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What made “Some Have Entertained Angels, Unaware” an interesting story in my eyes was how the image of a family was completely redefined.  In the beginning there is the stereotypical setup of a family, with a mother and a father and children. One page into the story the mother dies, and after that I expected it to be a story of a struggling father raising children.  In some ways it is that story, because it is still about the girl’s relationship with her father, but it is more about how all of these other people became a part of her life and became her family.  The “boarders” that live in the house immediately are made a component of the story, and the amount of detail and time that the girl uses when describing them when recounting her childhood memories automatically makes them become a large part of her family image.  This threw me for a loop at first, since the father was still living with them.  Slowly but surely, there are hints in the story showing that the father eventually leaves them, and these people in the house become more and more important.

The feelings that the girl has towards her father are really well expressed throughout the story. They are complex because he did leave, and the biggest struggle seems to be whether or not to justify him leaving.  The girl does a better job at it than Jackie does.  On top of that, the stories about her father aren’t really told with a sense of anger or disappointment. They are almost happy childhood memories, told matter-of-factly. It is obvious that she loves her father and does miss him, and even though that is stated, the struggle of whether or not to be angry with someone when they do something that is not necessarily good is obvious.  By keeping the postcards that are sent by the father, she reveals that she does miss him, but at the same time the family continues without him.  There isn’t much sadness in him leaving, especially from Jackie.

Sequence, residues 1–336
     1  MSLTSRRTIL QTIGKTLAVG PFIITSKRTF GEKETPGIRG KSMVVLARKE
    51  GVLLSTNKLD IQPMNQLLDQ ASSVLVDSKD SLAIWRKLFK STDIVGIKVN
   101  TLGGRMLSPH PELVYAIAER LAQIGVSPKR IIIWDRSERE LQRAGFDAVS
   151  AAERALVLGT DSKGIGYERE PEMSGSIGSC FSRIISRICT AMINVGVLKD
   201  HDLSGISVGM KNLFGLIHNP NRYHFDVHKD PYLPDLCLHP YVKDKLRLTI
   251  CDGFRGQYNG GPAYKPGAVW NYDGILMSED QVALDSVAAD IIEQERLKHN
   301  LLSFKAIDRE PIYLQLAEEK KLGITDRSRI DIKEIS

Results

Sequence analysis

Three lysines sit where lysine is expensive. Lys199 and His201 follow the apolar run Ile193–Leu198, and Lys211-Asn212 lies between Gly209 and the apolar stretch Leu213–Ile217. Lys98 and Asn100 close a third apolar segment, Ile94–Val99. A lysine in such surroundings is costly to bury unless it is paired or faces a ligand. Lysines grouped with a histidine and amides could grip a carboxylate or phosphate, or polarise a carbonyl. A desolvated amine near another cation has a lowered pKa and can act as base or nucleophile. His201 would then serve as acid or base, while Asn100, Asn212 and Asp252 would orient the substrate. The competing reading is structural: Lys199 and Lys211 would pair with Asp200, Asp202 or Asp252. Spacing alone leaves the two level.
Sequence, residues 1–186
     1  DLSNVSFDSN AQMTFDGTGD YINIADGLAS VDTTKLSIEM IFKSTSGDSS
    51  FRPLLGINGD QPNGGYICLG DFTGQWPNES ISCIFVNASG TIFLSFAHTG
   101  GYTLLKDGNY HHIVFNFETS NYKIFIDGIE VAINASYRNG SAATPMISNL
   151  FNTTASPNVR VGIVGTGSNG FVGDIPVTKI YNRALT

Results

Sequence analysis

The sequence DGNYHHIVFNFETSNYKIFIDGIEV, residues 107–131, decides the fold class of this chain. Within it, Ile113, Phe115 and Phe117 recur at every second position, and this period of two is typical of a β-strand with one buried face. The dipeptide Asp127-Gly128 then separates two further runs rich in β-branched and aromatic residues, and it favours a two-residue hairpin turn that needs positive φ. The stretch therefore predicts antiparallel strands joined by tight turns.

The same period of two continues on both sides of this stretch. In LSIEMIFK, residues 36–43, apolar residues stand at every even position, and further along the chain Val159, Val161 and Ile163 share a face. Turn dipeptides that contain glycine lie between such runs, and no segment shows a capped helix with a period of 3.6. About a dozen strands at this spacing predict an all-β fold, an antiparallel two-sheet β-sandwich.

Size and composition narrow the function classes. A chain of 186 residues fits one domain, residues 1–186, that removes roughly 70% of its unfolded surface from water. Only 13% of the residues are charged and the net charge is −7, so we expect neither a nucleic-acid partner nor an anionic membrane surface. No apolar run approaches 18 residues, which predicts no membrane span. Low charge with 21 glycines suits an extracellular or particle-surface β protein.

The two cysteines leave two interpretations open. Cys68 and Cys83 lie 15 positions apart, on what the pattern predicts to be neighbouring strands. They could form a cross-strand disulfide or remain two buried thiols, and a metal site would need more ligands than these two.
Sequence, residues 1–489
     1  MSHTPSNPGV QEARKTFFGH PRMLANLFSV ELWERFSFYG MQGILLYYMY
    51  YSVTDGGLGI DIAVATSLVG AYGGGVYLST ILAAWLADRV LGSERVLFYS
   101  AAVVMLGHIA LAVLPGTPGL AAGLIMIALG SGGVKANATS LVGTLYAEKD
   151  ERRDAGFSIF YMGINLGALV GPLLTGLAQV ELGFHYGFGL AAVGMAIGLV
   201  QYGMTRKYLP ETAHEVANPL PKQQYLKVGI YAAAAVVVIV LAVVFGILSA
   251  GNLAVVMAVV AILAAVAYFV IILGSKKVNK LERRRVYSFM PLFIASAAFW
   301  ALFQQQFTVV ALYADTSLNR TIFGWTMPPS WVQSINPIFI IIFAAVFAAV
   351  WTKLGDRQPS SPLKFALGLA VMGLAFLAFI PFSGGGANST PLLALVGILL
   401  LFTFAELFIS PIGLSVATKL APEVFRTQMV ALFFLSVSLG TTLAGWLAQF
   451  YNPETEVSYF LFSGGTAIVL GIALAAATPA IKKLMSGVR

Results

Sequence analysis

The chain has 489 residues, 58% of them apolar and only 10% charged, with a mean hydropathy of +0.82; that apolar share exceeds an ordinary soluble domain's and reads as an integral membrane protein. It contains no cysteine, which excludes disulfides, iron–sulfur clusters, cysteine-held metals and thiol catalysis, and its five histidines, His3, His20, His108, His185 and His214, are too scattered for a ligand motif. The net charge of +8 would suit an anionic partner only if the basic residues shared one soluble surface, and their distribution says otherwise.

The fact that the story is split into two chapters is pretty obvious, because the narrator sees her childhood as two chapters: life with dad and life without.  Her relationship with Mike and Jackie’s relationship with Bobby are also great because it is as if the family started over, and they split but also come together.  The role of parents got taken over by two boarders who work together in a sense to raise these children.  The close personal bond, yet the distance and feeling of independence paired with aloneness, is really shown at the end, when Mike gets a girlfriend and the story closes with the line, “I imagined he’d listen carefully, which shows you how little I was thinking of the actual man.”  It is sad to think of that kind of distance from someone, but it is also obvious that although her thoughts are stated, she still is lonely and really does miss her father.  The first person narrator is so important because the complexity of that emotion and of those relationships would be inexplicable without the reader being able to have access to her inner thoughts and emotions.



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